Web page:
In my previous post I said something about the deep fear that appears to be propelling much of the opposition to Obama administration initiatives on health care and economic recovery. I see that fear acted out locally through outbursts of accusatory anger from persons who, in years past, would have held themselves above that sort of behavior, at least in public. I think that what we are dealing with has more to do with deep psychology and spiritual maturity than anything else. Behind every angry, accusatory outburst is a story, and it seldom has anything to do with the immediate target. It just happens to be convenient.
What I see driving these outbursts, at least for the time being, is wealth, or more precisely, money. Money can be a measure of power, and together money and power can be very seductive, disorienting one’s moral compass and eating away at one’s soul. Whether we like it or not, to have money is to have control over our own lives, the environment around us, and sometimes over the lives of others. Having it gives us a sense of security against the vagaries of the future. But it’s more that a sense of control for some people. It’s power: the power to be superior, better, higher, more important. For most of us, to lose money is to lose a sense of control over our lives and environment. The more money we lose the more control we lose. For those heavily invested in the sense of power they get from money, heavy losses mean loss of self, of ego, of meaning of life.
I suspect, but don’t know, that such persons are more often men than women. I am certain that they are persons accustomed, at least in their own minds, to calling the shots. They tell others what to do and expect it to be done. Using cash as a tool, they intend to direct the use of their largesse, often with the expectation of some kind of reward such as obedient loyalty, lavish gratitude or at least a brass plaque. They do not gladly suffer those whom they see as their inferiors and who will not cooperate. Oddly enough, at bottom, they are persons of enormous psychological insecurity and spiritual immaturity.
In a recession like this one, the illusion of control and power is rudely stripped away from them. The markets are ignorant of who they are and don’t care to know. As individual persons, they are utterly irrelevant to the national economic ebb and flow. Self-satisfaction at the brilliance of their self-made wealth is destroyed in gyrations of the Dow, and there is not a thing they can do about it. Well somebody has got to take the heat. Not them of course, but somebody wasn’t watching. Somebody didn’t realize that they are among those who are not supposed to be affected like the masses. Somebody, paid by them to do their bidding, was supposed to keep that from happening and somebody screwed up.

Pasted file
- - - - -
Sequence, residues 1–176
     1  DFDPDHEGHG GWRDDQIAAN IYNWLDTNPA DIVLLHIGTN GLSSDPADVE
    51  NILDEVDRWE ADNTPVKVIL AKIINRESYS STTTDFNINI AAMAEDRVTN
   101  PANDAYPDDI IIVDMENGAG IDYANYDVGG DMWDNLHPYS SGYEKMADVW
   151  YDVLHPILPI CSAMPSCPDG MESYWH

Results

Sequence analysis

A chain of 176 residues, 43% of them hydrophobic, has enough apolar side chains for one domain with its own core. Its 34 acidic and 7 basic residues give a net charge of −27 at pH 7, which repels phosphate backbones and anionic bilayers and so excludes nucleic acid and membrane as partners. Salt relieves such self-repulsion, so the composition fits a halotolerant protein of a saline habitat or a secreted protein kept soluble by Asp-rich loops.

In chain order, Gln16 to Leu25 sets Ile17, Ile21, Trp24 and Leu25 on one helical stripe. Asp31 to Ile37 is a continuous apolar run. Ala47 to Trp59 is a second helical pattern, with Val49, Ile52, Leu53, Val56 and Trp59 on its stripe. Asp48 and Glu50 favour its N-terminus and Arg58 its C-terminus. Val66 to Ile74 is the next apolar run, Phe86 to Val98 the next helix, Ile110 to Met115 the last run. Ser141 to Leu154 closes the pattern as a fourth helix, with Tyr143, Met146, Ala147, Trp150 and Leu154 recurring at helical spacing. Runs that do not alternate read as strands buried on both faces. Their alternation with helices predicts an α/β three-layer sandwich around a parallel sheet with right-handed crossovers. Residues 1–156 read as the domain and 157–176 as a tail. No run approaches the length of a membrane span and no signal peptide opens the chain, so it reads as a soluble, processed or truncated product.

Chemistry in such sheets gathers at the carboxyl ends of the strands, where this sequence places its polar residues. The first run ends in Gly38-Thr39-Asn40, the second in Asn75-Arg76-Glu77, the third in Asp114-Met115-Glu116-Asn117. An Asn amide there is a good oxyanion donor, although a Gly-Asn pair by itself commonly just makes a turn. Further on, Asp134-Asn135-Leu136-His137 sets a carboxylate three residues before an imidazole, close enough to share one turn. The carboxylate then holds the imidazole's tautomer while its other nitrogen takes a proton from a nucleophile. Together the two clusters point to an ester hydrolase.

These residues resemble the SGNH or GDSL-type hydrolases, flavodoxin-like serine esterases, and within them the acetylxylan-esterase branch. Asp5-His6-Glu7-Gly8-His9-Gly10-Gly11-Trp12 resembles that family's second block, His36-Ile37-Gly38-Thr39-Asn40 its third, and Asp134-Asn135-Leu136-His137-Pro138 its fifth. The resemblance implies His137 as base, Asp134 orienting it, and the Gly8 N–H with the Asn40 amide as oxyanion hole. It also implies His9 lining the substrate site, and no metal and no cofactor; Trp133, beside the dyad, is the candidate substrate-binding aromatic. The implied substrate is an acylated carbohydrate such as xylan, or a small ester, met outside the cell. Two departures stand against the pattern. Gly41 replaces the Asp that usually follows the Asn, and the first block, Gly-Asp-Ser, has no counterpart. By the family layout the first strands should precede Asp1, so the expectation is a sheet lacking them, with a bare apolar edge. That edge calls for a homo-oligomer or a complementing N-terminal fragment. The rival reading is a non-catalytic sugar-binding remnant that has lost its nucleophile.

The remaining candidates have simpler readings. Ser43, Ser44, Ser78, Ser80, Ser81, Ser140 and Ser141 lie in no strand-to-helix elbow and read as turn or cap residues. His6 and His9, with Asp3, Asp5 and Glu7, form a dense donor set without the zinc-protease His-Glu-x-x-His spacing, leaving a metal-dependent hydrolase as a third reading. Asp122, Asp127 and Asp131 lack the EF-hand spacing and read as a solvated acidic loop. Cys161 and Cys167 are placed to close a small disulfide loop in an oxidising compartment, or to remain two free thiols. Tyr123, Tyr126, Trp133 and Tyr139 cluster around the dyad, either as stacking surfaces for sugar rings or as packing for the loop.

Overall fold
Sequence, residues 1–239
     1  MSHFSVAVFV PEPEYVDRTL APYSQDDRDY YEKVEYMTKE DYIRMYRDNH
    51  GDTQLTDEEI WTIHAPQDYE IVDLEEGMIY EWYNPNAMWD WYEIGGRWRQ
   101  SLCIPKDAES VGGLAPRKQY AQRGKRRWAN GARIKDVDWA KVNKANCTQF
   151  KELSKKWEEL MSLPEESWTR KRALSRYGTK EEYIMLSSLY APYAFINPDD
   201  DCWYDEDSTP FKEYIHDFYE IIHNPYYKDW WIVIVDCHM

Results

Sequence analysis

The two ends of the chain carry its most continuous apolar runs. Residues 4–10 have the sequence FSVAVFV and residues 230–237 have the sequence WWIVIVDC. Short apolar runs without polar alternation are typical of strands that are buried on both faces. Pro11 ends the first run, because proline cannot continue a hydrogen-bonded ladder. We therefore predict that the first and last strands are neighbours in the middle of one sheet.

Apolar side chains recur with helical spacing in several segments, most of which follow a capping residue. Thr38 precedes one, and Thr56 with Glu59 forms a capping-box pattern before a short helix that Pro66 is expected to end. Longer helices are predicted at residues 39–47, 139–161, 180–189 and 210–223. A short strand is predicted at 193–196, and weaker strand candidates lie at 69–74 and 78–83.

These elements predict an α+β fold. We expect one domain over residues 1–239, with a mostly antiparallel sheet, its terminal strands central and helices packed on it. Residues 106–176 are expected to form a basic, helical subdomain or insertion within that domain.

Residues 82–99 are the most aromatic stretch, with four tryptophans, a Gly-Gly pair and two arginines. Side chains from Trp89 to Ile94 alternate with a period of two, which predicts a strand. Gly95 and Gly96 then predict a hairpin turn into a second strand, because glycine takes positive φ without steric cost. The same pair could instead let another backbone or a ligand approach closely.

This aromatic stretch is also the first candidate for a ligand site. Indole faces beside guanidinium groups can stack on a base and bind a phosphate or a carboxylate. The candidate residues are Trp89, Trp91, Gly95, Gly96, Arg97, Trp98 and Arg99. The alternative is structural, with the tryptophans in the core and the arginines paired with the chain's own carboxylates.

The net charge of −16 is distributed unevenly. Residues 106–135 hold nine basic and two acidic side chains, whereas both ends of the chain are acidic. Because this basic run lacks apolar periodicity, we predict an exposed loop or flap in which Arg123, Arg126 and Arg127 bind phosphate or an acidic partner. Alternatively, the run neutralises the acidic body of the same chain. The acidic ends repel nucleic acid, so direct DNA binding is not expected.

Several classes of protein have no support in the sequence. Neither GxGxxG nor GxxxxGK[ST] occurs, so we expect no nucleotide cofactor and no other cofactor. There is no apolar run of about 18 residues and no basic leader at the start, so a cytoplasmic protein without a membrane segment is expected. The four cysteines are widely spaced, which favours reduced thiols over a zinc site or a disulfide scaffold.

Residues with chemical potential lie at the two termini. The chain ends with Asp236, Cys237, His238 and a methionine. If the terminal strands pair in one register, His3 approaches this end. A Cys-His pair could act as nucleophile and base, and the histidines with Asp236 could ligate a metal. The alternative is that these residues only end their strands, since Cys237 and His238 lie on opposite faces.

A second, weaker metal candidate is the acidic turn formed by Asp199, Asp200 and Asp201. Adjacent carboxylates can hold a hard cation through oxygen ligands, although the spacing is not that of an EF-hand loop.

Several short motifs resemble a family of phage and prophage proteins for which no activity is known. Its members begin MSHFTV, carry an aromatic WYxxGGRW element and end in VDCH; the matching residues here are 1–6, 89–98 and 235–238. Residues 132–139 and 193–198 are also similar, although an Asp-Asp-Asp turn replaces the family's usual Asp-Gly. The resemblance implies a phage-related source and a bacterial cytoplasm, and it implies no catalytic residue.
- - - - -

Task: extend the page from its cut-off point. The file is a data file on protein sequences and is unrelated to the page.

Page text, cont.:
Those minor megalomaniacs may be the extreme, but they are not alone. On the milder side are many more ordinary people who are also losing control and damn angry about it. Consider, for instance, the elderly (not me of course, I’m only 66). No matter what their condition in life in younger years, they lose more and more control as they enter into true old age. Others have taken their places in the councils of the community. Their opinions are not sought, their friends are dying and no one asked their approval for the transfer of leadership to a younger generation. Their bodies no longer respond to their demands. Doctors, pharmacists, family members, and sometimes bankers and lawyers now make decisions for them that they used to make for themselves. They have to trust without being able to verify. It’s a very vulnerable place to be. It’s hard to maintain trust under such conditions, and anger might be the only way to express that frustration.
You and I are not exempt. I confess to my own occasional anxiety over money, and whether my retirement investments will recover their value. Younger friends with growing families have their own anxious agendas: can they meet the bills this month, is my job secure, can I find a job, will my 401k be worth anything and all the rest. But Christ calls us in another direction. What we treasure is where our heart will be and we are encouraged to treasure the love of God and the discipleship of being followers of Christ more than cash. We are encouraged to consider the lilies of the field and lay our anxieties aside. Echoing Jesus’ Sermon on the Mount, Paul encouraged the church at Philippi with these words:
Finally, beloved, whatever is true, whatever is honorable, whatever is just, whatever is pure, whatever is pleasing, whatever is commendable, if there is any excellence and if there is anything worthy of praise, think about these things. Keep on doing the things that you have learned and received and heard and seen in me, and the God of peace will be with you.
The problem is that they can sound like so many useless platitudes unless our understanding of them is grounded in faith. It was one of the hardest lessons for me to learn when I was a young man with a young family. In those days I taped a copy of Matthew 6:25-34 to the refrigerator door. I looked at it every morning before leaving and told God that I hoped it was true, but I could sure use a little concrete evidence. Now I have over forty years of concrete evidence, and frankly I’m amazed because at times I certainly did my best to get in God’s way, and my best was pretty good.